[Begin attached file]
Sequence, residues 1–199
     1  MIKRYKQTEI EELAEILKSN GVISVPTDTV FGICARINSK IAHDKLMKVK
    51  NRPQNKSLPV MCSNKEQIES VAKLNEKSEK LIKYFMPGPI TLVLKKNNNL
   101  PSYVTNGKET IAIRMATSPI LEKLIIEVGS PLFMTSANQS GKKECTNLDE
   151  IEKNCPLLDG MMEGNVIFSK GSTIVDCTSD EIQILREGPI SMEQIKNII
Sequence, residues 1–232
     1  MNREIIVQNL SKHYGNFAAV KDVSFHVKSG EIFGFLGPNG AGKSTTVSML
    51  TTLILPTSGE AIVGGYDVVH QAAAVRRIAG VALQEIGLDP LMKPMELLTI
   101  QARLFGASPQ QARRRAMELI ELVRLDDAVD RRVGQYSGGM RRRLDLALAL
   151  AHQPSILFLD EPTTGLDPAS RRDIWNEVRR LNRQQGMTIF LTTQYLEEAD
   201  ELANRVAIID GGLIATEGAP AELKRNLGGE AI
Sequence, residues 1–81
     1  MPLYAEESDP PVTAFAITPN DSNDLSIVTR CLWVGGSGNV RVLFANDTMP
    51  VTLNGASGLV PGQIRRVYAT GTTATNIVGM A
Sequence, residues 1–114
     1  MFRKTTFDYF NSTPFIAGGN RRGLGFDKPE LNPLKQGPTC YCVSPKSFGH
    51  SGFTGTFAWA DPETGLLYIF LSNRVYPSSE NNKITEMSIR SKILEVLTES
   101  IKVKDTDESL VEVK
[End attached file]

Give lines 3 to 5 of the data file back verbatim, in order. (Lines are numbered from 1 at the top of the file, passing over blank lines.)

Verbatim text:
    51  NRPQNKSLPV MCSNKEQIES VAKLNEKSEK LIKYFMPGPI TLVLKKNNNL
   101  PSYVTNGKET IAIRMATSPI LEKLIIEVGS PLFMTSANQS GKKECTNLDE
   151  IEKNCPLLDG MMEGNVIFSK GSTIVDCTSD EIQILREGPI SMEQIKNII